Of course, the original Napster was the mother of all file-swapping networks. That is, until the recording industry won an injunction that forced the company offline.

But that was during the good old, anything-goes days of the Net. The current Napster is a legitimate online music service that charges 99 cents a pop for, well, pop, as well as country, rap, jazz and other genres.

So, free Napster? What’s up with that?

Simply put, it’s a new way to grab customers. It’s an ad-driven service where you can listen to any song in Napster’s inventory for up to five plays. After five, you’ll have to pay.

When you think of it, giving five free plays is a pretty good way to introduce people to new music. It’s a chance to take a song out for a drive around the block before you decide to buy. Of course, Napster is hoping that you’ll buy from them instead of going across the street to iTunes.

Along with the free listens, Napster also has two other new services.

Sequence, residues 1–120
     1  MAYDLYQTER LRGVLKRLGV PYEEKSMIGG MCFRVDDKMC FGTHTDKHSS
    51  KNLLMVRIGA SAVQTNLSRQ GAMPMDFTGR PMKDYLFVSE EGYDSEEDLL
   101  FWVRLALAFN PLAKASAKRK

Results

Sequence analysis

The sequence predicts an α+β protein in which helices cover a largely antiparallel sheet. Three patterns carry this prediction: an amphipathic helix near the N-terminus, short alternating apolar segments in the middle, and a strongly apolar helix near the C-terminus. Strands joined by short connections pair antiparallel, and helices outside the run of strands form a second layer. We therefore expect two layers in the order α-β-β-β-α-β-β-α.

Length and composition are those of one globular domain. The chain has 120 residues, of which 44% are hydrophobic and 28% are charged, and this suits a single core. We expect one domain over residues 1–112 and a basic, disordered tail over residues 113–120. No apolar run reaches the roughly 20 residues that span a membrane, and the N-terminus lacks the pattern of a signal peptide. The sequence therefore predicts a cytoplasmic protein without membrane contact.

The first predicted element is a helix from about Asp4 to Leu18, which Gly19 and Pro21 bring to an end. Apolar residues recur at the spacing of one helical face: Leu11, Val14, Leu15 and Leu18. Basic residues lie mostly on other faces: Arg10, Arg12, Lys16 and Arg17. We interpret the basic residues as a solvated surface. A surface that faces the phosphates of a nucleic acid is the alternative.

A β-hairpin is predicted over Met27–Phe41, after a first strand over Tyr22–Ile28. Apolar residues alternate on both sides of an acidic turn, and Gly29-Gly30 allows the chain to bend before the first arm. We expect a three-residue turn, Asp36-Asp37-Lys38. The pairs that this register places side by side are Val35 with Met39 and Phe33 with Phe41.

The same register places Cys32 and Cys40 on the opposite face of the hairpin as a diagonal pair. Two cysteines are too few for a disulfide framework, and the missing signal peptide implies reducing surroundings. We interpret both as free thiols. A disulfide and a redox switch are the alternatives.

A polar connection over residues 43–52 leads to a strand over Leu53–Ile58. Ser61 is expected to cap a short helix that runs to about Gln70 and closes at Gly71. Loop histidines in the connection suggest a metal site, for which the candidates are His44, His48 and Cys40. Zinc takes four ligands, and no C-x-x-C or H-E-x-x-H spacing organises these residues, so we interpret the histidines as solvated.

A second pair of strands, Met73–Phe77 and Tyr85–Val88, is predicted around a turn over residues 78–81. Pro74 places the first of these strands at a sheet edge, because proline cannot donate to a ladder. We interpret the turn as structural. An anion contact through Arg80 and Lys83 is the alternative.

Napsterlinks works with the free spins, allowing music lovers to link directly to Napster songs via email, instant message, blogs and Web sites, thus encouraging music fans to “spread the word” about their latest favs as well as partake in a little viral marketing on behalf of Napster and the labels.

The other new feature is called Narchive. It’s an online depository for music fans to contribute whatever they feel is relevant in regards to their personal music experiences, such as stories, photos and memorabilia. Napster is referring to Narchive the “People’s History of Music.” Narchive is expected to debut in beta form shortly.

“With all the progress the digital music industry has made over the past few years, a digital music model that fully satisfies everyone – fans, artists, labels and rights holders – has yet to surface,” Napster chairman and CEO Chris Gorog said. “We believe we have taken a significant step toward achieving this goal and are grateful for the cooperative support of the record industry